As the name suggests, this device generates electronic sound, resembling human laughter.
To enable the circuit start the proposed operations, it must have a fundamental sound input or frequency for processing.
This basic frequency is established through a simple oscillator operating at 1 kHz frequency. The next, requirement would be to process this basic frequency through additional stages so that it imitates a human laughter sound. Please see the block diagram below for the details:
Due to the fact that, there's no "particular laughing sound" that may be followed in our electronic imitation circuit, hence the decision had to be an overall replica of most commonly heard laughter types.
Upon investigation, it was found that the majority of laughter sound felt like beginning at a specific stage within the sound range, which drops pretty fast to a frequency level approximately an octave lower. It can be compared to a soccer cheering heard in the reverse tone.
This sort of noise identified as a glissando) may be easily generated through the output voltage that comes from a basic integrator powered by a low frequency square wave oscillator which alters the voice generator frequency.
Also, the circuit must have the ability to make and break this characteristic in quite short bursts.
Each of these burst is supposed to cause a kind of warbling impact on the existing frequency with a declining frequency. To accomplish this an extra oscillator, named as the "giggle generator" has been included.
This stage continuously toggles the frequency of the basic "voice generator" from a single set position within the voice range to a new one. Once powered, the voltage from the integrator part of the "reversed cheer" generator is going to increase and decrease, creating a proportionate increase and decrease in the amplitude of the tone of voice.
However in case desired, the rising section of the tone may be prevented through a blanking gate network, as indicated in the above schematic block diagram.
How the Circuit Works
The Electronic Laugh simulator circuit works with three square wave astable oscillators. Except the part values of the individual astables which are adjusted with specific frequencies, the operating principle is simply identical. However the flip-flop (multivibrator) has a different functioning and we will learn more about it in the below given description.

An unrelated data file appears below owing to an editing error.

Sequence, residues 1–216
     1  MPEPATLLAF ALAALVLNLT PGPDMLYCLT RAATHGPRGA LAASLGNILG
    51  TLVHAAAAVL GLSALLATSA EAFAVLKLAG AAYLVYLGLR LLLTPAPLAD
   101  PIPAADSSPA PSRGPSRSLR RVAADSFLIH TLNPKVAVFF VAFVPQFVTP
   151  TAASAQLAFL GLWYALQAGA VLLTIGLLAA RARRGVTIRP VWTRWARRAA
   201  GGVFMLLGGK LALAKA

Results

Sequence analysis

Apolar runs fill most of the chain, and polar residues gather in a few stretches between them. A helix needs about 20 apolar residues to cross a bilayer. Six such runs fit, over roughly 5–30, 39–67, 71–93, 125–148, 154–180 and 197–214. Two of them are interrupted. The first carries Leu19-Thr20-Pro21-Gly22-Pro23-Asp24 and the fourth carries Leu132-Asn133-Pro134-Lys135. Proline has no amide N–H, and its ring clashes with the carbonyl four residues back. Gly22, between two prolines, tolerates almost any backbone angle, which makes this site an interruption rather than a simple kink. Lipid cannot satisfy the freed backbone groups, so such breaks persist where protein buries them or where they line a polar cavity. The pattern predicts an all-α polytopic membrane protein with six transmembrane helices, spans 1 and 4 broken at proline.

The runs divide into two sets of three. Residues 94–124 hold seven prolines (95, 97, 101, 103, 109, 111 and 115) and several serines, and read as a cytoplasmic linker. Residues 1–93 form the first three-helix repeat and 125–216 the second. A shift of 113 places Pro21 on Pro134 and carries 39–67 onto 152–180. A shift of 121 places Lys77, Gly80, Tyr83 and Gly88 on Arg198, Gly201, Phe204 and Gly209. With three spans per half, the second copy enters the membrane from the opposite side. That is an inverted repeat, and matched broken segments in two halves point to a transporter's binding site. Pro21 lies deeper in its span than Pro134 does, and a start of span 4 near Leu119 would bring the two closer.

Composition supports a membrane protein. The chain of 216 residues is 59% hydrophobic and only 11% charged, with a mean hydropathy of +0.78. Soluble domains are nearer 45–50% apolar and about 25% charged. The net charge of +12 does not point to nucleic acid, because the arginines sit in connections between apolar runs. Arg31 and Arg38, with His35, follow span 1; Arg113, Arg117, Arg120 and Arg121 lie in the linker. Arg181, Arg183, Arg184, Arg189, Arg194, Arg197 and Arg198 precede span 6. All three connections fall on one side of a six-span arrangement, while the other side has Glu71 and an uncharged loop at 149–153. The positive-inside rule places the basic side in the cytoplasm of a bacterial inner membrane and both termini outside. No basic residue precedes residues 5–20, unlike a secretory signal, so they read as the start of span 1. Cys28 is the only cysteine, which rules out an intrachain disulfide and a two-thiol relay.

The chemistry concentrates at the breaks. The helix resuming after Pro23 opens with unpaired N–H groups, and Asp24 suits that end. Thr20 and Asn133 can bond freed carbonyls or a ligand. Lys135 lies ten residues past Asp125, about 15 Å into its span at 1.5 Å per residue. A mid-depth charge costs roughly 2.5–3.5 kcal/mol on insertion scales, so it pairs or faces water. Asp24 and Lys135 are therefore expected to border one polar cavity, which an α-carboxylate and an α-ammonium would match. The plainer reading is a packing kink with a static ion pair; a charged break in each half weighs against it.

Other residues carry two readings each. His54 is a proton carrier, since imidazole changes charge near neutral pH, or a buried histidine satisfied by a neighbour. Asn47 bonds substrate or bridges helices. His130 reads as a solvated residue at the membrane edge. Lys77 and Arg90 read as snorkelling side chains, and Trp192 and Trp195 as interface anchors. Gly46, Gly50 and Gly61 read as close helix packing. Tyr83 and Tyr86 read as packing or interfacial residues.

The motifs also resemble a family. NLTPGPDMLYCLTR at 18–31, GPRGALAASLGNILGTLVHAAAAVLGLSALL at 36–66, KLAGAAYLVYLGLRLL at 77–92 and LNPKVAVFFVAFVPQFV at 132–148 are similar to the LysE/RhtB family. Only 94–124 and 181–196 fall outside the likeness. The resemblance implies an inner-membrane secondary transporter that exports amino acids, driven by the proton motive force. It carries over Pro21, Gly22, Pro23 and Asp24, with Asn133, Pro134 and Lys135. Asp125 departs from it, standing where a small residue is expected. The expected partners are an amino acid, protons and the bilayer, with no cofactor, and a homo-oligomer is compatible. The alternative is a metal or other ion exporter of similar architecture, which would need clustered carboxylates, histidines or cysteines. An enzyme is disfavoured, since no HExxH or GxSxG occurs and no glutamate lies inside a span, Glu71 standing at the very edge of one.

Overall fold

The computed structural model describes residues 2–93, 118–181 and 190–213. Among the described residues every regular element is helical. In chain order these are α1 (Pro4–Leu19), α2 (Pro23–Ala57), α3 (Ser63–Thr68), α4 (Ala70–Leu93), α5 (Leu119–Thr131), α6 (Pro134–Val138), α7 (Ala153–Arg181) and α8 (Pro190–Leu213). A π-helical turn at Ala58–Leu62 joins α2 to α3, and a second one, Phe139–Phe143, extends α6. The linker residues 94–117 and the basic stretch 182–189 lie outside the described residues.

Please refer to the oscillator section in the "reversed cheer" generator stage of the above figure. As soon as power is switched ON, we could imagine TR1 switching ON and causing C1 junction at TR1 collector to be pulled at almost ground level.
Because of this, C1 that may have by now charged to nearly + supply potential, starts to discharge. During this period C2 swiftly charges up to the supply potential. When C1 has discharged to around 0.6V (i.e., the Vbe of TR2) TR2 begin to turn ON. Because of the feedback between the two sides of the circuit, a fast changeover takes place causing TR2 to turn ON intensely and TR1 to switch OFF.
This operation then goes on and on repeatedly with C2 discharging and C1 charging, until the time TR1 activates again and TR2 gets deactivated. This carries on infinitely, or until the circuit is powered off.
The C1, C2 discharge rates are primarily established with the values of R2 and R3, while the average time constant (1.4CR) decides the operating frequency. The charging intervals for C1 and C2 are dependent around the values of R1 and R4, that normally tend to be quite small and therefore may be simply ignored.
During the time when TR1 is cut off, the positive potential from its collector is allowed to freely charge the capacitor C5. This causes the voltage across C5 to rise towards the supply level while TR1 continues to be in the non-conducting state.
However, when TR1 gets the opportunity to turn ON, it causes D1 to get reverse-biased. Due to this C5 slowly discharges via R10, R11, R12, and the bases of TR5 and TR6.
This process in which C5 is charged and a discharged slowly, results in a constant variation of the voltage levels where C6 and C7 start discharging in the voice generator stage.
This impacts the average time constant of the frequency and consequently the output signal results also get affected.
This implies that the increase in the charging voltage across C5 does not cause a rising effect on the pitch of the signal.
The purpose of the "giggle generator" output is to momentarily force a quick switching of frequency of the "voice generator" while the "reversed cheer" is in action. This is successfully implemented by linking the collector of TR4, to the base of TR6 through R13.
If you are interested to get a different kind of laughter simulation, this could be obtained by integrating a blanking gate network as shown in the above figure.
When this circuit stage is introduced, the voice generator functioning gets inhibited due to TR6 base being grounded, whenever TR7 is switched on. Meaning this allows, only the decreasing (discharging) action of the integrator on the "reversed -cheer" generator to perform at the output of the circuit.